I was so pleased to be invited to speak at the closing ‘Views of an Antique Land’ project conference which is being held on the 20th May at Cardiff University.
My paper ‘Recollections and Representations of Cairo (1914/18) – The Egyptian Expeditionary Force’ will include a brief overview of the strategic importance of Egypt and the logistical challenge of housing, feeding and caring for the large numbers of Commonwealth troops involved throughout Egypt. I’ll be talking about leisure and recreation in Great War Cairo, Luxor and Alexandria and how this ‘friendly invasion’ affected life in Cairo for the Egyptian people. I find this ‘social history of soldiering’ enormously entertaining, their reminiscences are at times ribald but they display an intense fascination with the culture and history of Egypt.
For further information on the project please visit:
Web link: http://sites.cardiff.ac.uk/ww1imagesegypt/
‘We are camped in the Valley of the Pyramids with two of the big Pyramids in sight. They are an enormous size … a wonderful piece of work … All of the Australian troops except the Light Horse are camped here. The Light Horse are camped on the other side of town. The New Zealanders are with them … The camp is like a huge town. It is laid out in streets and blocks and each battalion has a block. We have been making rifles ranges, building latrines, making roads, building mess rooms and a thousand and one jobs which are required in a camp like this’
Sapper Ernest Charles Tubbenhauer, 1st Division Engineers, Mena Camp, Cairo, c.1915
This week, knowing my research interests, my Dad presented me with a set of postcards which he felt may be of interest.
The first image, taken by S Sarkis, Garrison Photographer from the Kasr-el-Nil Barracks in Cairo is of a funeral procession described as ‘Fusiliers’. Now I’m going to make some assumptions here with regard to the cemetery. I’m 90% certain that this is the Cairo War Memorial cemetery – from other images I have dating to the Great War period the type of cross assemblage in the background would fit, as would the presence of Mr Sarkis to document the occasion within the environs of central Cairo. The cemetery at Heliopolis in Cairo did not open until 1941 so Its reasonably safe to assume this is indeed Cairo.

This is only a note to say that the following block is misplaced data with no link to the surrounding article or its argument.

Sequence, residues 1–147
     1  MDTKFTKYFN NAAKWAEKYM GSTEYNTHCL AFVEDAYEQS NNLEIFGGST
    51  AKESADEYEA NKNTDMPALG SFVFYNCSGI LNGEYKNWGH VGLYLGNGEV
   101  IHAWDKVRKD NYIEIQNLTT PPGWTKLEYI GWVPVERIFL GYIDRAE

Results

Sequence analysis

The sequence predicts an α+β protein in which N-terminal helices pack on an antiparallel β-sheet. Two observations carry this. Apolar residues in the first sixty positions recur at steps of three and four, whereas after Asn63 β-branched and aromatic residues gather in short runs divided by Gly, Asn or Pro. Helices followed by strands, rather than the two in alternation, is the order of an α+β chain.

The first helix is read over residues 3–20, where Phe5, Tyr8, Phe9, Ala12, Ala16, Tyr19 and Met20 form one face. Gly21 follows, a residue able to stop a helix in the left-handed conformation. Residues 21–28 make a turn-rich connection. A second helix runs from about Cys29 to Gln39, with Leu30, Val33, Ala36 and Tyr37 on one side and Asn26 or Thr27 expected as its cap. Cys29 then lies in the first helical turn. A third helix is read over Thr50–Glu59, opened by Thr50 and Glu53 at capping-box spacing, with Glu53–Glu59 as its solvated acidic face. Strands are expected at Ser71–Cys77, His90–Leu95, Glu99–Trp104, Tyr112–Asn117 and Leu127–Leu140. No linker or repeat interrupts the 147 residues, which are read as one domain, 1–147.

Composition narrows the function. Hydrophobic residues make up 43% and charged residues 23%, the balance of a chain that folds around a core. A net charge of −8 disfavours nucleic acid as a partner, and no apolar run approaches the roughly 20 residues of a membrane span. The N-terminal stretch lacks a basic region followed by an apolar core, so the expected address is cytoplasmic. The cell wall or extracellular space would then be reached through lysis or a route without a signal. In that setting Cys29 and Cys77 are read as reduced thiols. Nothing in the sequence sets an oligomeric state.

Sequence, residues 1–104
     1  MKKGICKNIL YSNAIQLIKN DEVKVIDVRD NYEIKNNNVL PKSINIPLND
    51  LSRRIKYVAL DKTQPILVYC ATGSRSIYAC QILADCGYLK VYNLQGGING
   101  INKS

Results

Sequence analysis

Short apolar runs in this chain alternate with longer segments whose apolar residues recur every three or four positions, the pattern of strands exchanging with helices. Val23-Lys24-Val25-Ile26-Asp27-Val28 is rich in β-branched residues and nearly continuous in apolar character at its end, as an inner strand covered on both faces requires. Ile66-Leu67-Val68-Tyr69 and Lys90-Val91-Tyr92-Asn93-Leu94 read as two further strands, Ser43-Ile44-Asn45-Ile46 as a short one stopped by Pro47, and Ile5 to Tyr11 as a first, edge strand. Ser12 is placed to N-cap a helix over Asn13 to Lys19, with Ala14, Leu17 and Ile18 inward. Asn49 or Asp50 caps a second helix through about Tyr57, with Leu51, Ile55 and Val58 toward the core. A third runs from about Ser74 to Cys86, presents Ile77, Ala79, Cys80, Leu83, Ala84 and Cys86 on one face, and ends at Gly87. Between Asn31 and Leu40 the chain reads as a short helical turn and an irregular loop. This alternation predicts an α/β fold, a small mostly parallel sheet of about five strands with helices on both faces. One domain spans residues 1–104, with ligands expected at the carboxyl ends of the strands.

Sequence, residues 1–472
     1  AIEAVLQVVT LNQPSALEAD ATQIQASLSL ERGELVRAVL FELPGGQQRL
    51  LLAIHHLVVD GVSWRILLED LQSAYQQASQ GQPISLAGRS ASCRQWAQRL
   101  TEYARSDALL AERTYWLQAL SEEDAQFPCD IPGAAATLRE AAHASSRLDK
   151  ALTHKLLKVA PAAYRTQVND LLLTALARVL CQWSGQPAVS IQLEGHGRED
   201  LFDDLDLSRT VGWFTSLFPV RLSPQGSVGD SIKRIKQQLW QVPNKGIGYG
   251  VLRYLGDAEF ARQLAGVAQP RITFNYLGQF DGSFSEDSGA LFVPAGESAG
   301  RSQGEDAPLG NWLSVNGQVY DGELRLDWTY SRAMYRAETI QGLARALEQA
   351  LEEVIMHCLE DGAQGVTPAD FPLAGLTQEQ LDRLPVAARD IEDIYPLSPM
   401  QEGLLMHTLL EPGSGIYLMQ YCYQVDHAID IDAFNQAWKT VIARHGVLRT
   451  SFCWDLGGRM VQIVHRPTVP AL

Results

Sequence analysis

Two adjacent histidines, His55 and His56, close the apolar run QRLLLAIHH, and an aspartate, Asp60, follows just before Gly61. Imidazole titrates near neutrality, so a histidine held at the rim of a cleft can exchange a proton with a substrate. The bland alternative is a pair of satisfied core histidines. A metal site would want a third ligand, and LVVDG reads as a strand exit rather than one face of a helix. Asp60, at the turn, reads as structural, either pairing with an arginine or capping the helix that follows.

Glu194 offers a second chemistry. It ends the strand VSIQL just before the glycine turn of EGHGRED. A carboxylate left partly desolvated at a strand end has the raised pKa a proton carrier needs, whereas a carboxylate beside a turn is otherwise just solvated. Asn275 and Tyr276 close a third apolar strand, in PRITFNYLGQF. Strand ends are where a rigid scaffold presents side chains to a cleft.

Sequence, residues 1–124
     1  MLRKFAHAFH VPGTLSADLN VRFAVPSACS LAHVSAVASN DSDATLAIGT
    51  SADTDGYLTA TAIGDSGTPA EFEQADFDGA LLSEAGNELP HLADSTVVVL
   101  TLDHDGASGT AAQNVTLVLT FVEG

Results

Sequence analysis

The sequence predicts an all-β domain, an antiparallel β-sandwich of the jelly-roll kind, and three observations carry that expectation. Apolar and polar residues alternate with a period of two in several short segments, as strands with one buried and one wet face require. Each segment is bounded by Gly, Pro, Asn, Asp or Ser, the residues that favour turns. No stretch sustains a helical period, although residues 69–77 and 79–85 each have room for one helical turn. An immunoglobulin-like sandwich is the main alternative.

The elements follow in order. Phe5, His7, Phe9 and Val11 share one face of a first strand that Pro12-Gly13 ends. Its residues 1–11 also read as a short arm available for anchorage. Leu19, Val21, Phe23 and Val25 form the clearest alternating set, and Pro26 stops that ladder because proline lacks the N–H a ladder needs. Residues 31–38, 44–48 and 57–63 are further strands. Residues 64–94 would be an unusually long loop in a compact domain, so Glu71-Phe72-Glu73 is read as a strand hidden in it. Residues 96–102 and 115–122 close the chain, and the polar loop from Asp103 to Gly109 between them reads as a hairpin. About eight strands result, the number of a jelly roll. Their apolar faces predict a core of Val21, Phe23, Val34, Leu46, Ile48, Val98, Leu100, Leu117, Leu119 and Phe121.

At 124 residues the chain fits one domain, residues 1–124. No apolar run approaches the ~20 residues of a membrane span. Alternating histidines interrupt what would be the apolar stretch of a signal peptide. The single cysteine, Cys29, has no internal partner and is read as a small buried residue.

The pall bearers are wearing tropical field service dress and two of them appear to have red roses on their helmets which may indicate that they are Lancashire Fusiliers. The Lancashire Fusiliers wore red roses on their helmets to commemorate the Battle of Minden in 1759. Searching the Commonwealth War Graves database for Cairo yields the following results:- 20 graves belonging to the Lancashire Fusiliers dating between the period 1914 -1919, 11 graves belonging to the Royal Fusiliers dating between the period 1915 – 1919 and lastly 12 graves belonging to the Northumberland Fusiliers dating between 1917 – 1919.
The image is undated, however the presence of two female mourners behind the coffin may indicate a post war date and if that were the case it could be a photograph related to a very small number of men. However, thats quite a large leap to make so for now all I can say is that I have a list of 43 candidates from a register of 2393 men.
So, more research is required but isnt it amazing which direction a single postcard can lead you?